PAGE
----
Power & Energy (PE)


by Jim McDowell; Gary L. Hunter; Chris Hennessy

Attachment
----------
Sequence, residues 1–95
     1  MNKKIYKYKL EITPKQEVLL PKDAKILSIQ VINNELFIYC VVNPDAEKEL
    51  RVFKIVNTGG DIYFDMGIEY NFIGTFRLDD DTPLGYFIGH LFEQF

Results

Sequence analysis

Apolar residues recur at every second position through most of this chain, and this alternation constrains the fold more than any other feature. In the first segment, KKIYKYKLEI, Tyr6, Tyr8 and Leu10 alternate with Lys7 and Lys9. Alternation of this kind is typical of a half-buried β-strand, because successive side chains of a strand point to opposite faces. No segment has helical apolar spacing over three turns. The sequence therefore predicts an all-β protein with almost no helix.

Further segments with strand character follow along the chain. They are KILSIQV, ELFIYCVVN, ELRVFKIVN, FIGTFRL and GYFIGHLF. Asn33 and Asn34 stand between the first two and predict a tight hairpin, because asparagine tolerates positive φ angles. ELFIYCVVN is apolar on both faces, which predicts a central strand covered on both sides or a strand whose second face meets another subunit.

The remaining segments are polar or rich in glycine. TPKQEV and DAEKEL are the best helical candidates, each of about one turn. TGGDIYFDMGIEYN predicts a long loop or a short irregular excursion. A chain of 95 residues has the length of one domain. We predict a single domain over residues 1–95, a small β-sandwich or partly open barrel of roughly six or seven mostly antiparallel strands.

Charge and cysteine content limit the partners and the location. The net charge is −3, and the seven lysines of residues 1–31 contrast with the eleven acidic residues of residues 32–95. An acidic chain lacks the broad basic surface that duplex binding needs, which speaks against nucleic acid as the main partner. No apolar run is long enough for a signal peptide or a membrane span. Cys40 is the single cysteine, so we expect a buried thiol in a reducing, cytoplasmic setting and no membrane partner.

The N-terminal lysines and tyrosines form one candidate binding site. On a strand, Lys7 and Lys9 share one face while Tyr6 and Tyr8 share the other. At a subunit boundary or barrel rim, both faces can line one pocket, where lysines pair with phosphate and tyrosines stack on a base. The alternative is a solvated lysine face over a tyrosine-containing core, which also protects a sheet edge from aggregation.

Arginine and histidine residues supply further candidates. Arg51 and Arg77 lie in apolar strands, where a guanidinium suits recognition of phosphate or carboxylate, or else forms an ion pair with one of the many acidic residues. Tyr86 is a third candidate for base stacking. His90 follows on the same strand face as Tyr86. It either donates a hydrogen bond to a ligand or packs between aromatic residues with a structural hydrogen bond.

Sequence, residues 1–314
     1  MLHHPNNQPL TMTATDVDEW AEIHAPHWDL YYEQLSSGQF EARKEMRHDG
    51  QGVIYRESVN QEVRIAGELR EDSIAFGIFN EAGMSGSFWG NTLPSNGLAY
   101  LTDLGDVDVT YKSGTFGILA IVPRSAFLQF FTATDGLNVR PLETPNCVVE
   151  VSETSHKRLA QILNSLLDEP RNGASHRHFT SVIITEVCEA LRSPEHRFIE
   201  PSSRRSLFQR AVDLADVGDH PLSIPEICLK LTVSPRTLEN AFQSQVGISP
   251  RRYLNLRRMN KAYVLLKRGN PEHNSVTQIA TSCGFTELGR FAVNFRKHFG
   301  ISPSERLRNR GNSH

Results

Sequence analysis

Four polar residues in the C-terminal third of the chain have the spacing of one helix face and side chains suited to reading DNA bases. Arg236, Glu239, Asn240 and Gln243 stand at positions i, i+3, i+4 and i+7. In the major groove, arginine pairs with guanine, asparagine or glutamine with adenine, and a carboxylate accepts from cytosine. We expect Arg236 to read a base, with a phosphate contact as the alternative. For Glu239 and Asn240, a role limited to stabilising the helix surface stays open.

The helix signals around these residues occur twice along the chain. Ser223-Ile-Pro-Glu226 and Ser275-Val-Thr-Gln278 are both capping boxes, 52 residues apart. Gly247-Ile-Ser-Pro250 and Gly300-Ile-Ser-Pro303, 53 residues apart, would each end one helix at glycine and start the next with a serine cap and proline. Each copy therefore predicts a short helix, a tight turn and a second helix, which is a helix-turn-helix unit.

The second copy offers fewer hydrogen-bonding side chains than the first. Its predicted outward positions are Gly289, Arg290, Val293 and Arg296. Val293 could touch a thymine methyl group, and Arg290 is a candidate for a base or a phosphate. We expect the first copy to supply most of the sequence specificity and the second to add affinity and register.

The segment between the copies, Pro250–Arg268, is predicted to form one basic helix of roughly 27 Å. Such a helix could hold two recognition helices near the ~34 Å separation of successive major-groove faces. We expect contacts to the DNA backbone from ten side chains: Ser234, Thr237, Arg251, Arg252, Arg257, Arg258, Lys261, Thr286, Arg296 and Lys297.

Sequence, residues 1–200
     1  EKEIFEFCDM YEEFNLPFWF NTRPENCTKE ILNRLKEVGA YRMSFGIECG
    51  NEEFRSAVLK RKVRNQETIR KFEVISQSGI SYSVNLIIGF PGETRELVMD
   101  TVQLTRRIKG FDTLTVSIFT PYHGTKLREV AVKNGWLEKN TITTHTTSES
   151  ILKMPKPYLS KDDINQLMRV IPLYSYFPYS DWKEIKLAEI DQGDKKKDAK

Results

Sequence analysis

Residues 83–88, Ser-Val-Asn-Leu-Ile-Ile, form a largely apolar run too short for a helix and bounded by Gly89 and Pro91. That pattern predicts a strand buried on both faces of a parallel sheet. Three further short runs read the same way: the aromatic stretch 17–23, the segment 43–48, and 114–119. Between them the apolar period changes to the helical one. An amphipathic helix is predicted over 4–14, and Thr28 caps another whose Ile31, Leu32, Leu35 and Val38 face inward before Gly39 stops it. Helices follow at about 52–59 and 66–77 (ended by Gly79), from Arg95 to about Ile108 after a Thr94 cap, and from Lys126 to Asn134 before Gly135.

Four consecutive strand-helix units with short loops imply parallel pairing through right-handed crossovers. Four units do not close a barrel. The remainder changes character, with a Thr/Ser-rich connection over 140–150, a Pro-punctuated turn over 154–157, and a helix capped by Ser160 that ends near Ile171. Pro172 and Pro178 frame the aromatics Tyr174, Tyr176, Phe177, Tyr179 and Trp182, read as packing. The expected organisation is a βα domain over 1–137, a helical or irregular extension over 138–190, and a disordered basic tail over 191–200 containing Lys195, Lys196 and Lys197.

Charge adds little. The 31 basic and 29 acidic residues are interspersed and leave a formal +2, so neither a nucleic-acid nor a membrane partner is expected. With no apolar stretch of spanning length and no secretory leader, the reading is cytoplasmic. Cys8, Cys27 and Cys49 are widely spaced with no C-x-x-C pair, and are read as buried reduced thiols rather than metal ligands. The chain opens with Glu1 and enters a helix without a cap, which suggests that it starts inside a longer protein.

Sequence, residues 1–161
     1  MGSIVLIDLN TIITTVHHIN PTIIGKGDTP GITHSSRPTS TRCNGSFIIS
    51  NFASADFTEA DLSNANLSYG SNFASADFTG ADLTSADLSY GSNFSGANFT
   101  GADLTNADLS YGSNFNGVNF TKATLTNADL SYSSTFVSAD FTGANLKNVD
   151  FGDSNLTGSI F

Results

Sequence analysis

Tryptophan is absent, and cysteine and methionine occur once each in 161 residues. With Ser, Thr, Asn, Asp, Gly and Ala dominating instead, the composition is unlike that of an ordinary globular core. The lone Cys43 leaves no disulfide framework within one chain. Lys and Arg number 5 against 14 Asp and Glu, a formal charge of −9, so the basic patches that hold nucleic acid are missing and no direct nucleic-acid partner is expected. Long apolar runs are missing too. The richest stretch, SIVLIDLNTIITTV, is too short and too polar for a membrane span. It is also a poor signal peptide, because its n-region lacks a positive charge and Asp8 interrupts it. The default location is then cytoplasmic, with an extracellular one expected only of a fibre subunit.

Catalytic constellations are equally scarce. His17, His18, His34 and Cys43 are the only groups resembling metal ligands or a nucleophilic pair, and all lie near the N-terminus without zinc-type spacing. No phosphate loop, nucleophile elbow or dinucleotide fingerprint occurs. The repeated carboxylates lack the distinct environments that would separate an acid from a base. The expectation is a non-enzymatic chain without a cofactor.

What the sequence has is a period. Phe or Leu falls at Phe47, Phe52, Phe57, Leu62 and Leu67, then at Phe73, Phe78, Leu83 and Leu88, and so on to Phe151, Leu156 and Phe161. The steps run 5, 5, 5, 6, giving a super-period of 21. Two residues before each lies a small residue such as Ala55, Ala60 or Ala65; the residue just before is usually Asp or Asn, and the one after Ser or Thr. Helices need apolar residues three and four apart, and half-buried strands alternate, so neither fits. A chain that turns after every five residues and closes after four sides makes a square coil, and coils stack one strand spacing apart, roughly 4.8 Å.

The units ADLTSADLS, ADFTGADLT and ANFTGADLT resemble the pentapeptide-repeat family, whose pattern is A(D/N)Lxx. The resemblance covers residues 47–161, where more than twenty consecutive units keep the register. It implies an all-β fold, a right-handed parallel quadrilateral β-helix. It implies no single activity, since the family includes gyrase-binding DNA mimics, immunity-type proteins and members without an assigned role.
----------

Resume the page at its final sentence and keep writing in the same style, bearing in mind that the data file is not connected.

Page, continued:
The US Army is seeking improvements in the fuel efficiency of their military vehicles.. They have initiated a number of R&D projects aimed at advancing the state-of-the-art of powertrain efficiency including demonstration in a laboratory environment. This effort will set a benchmark for the vehicle integrators, allowing them to improve future vehicle offerings. The SAIC, AVL, Badenoch, QinetiQ and Ker-Train Research team offered powertrain solutions from 7 Tons to 40 Tons that achieved the goal of 44% thermal efficiency and the stringent flexible fuel and emissions requirements. In each of these offerings the team was able to identify modifications to existing engines that allowed dramatic improvements in the thermal efficiency. These efficiency improvements were achieved through a combination of techniques, combustion cycle adjustments using in-cylinder pressure monitoring and precise control of fuel injector timing, and turbo-compounding. For the R&D project, the fuel injector timing will be controlled using commercial engine development hardware and software. The high speed hardware emulates the engine control module but allows the developer to finely tune the fuel injection to maximize the 50% Maximum Fuel Burn point (MFB50) with only limited NOx production. This will be accomplished using a variety of fuels and maintaining the output power to within 2% of the engine’s nominal rating. This paper will describe the fundamental diesel combustion process that must be controlled and techniques for usable power extraction from the waste exhaust gases to provide this performance. It will describe the engine development tools that enable these controls changes to be realized within a vehicle development cycle and retain the baseline engine maturity.